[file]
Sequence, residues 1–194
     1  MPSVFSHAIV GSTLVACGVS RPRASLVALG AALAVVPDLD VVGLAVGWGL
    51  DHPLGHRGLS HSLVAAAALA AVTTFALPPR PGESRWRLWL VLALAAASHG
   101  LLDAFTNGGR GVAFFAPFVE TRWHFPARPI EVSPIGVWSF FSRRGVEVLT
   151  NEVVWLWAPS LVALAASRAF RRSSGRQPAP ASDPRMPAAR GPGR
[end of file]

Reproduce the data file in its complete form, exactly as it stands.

Sequence, residues 1–194
     1  MPSVFSHAIV GSTLVACGVS RPRASLVALG AALAVVPDLD VVGLAVGWGL
    51  DHPLGHRGLS HSLVAAAALA AVTTFALPPR PGESRWRLWL VLALAAASHG
   101  LLDAFTNGGR GVAFFAPFVE TRWHFPARPI EVSPIGVWSF FSRRGVEVLT
   151  NEVVWLWAPS LVALAASRAF RRSSGRQPAP ASDPRMPAAR GPGR